I am very late today. Technology has conspired against me.
Last night, I couldn’t sleep, so I stuck the past few days’ blogs into my journal. I went out into the garden in t-shirt and shorts and, remembering how there is a school of thought that says you’re more grounded if you stand on grass barefooted, I slipped off my shoes and stood on the dew-dampened lawn with my poor ill-treated feet exposed. It felt wonderful, and I had an urge to take off all my clothes and lie on the grass to ground my entire self, but I resisted that urge. I stood there, for a long while though, and watched the lightning start to drift up towards Norwich from the south. It never turned into thunder, which was a great disappointment.
The thoughts of groundedness probably also came from third session of therapy in this almost experimental third phase of therapy, therapy which started in 2018, I think, and the first course of which ran for over 40 weeks. I had started the conversation with my therapist yesterday saying that I thought perhaps I had been too hasty in approaching her again for further treatment, that I had externalised the possible mechanisms to addressing what I perceived as being a sliding into bad old habits, assumed that an external agency (her) would be more likely to be able to solve the issue whilst forgetting a) that there are no quick fixes, b) that mental health issues do not have simple solutions, and c) that perhaps all the answers this time round were (are) inside me already. We discussed this at length, and, although I feel in a much better place already than a month ago, decided that we’d have a few more sessions so that I might be able to explore in greater depth how to access these answers within myself, and to keep those pathways to my self open that allow me to reach those answers rather than forgetting them. What seems to elude me often, being so often impatient (and lazy) by nature, is that all things need practice – sport, mental health, writing, relationships. There is no such thing as a quick fix anywhere. Even reflex reaction such as catching the ball is honed by hours of practice.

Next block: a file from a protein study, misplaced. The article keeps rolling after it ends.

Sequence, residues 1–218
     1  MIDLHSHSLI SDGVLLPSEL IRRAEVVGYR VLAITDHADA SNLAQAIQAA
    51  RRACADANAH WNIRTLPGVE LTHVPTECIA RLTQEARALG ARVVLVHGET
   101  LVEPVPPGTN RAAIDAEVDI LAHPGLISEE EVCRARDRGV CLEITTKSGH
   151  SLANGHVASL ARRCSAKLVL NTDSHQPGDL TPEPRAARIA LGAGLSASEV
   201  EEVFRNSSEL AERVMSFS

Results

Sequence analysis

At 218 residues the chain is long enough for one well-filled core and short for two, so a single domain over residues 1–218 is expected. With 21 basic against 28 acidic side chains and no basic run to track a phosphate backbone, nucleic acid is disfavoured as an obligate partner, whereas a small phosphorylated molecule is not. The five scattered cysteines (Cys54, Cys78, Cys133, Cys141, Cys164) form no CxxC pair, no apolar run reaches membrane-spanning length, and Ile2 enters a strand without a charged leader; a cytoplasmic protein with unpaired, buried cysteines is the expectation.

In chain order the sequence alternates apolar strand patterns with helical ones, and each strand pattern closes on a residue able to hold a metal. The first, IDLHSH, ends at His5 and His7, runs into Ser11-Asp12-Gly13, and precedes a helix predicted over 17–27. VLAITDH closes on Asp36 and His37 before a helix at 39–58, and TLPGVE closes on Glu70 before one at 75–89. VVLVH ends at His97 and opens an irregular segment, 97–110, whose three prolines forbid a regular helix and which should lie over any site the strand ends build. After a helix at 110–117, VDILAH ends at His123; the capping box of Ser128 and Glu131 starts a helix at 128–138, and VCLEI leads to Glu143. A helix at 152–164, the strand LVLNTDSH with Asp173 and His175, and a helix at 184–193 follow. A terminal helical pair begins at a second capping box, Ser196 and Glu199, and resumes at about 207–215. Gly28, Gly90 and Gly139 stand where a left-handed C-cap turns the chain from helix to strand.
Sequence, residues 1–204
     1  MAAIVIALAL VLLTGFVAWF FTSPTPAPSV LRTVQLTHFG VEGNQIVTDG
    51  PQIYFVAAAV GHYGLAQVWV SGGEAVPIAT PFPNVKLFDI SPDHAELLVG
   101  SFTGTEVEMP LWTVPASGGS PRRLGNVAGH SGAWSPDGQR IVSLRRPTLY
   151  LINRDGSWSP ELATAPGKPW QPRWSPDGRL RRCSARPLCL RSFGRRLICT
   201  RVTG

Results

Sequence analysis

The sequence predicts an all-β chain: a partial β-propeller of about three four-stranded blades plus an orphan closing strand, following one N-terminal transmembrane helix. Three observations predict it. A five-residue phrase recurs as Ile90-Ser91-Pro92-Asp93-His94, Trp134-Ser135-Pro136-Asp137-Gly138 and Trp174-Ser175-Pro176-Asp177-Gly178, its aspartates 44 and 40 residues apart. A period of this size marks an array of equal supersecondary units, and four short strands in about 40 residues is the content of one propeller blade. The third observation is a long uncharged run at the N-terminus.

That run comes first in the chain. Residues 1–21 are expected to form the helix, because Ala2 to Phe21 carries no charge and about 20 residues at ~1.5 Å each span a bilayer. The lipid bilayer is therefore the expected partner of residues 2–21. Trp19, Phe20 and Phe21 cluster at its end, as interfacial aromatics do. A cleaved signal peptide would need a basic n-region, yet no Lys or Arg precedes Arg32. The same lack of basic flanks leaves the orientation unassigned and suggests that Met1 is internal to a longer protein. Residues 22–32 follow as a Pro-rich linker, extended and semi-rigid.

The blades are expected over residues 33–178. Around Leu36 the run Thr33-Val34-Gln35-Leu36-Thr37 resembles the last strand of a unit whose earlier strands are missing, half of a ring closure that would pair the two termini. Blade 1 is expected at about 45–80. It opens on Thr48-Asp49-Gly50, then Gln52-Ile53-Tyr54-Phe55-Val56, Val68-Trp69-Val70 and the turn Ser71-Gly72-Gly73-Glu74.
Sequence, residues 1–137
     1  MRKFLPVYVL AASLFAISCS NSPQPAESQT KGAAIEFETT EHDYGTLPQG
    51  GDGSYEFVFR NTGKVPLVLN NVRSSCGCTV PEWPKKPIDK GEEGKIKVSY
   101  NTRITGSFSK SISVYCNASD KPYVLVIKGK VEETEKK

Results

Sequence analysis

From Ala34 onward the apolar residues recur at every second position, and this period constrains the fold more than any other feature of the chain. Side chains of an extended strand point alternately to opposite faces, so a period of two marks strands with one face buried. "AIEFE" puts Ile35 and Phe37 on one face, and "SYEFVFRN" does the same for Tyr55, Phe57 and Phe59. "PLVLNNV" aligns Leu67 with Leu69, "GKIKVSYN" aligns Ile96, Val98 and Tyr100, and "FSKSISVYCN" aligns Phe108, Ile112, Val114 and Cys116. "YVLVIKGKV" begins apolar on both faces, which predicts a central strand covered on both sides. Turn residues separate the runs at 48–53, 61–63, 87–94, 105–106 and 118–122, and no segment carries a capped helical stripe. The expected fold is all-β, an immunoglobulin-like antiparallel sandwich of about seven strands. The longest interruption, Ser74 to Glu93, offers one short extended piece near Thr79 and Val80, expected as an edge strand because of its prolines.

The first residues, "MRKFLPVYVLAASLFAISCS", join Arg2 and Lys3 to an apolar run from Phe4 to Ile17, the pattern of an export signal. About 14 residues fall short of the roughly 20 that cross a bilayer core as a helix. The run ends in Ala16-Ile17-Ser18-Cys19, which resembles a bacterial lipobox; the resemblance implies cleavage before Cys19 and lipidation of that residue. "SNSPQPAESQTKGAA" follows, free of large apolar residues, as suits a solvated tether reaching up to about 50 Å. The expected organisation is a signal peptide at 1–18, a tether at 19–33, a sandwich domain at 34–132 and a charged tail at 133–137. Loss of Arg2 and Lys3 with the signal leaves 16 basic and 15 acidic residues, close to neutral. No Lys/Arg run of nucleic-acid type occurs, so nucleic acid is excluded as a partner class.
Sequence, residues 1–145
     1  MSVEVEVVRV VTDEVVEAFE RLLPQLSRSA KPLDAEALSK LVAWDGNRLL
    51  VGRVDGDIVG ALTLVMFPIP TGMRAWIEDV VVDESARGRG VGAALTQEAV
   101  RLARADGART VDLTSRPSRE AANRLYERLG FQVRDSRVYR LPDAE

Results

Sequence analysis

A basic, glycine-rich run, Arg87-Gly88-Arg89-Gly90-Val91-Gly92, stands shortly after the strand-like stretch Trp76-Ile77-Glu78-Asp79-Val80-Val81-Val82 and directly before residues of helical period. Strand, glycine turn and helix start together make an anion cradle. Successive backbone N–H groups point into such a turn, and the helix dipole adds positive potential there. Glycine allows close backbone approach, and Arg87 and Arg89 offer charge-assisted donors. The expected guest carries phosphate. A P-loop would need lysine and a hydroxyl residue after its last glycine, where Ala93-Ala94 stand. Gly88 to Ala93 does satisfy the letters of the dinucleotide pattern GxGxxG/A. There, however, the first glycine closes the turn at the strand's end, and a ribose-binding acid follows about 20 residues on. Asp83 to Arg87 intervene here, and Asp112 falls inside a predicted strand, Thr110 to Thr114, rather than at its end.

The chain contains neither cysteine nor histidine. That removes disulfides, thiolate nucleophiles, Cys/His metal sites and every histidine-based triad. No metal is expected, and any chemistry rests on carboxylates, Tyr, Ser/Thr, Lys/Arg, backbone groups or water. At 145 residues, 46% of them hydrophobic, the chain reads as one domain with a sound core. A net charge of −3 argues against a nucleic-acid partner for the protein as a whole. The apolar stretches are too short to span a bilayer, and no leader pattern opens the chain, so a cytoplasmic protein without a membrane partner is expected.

So here I am, late afternoon, putting to one side everything that has gone before and reflecting on the day that’s been so far rather than entirely on the day before. This is in some ways a good thing. On the other hand, it leaves me chasing my tail insofar as I feel out of synch because the early morning day job hour first thing followed immediately by the writing is meant to kickstart not just my writing day but my day as a whole. And I haven’t been for my daily 2-miler yet either. Every day so far this week has seemed like a postponement.
AGGIE’S ART OF HAPPINESS – CHAPTER 95
Leave a Reply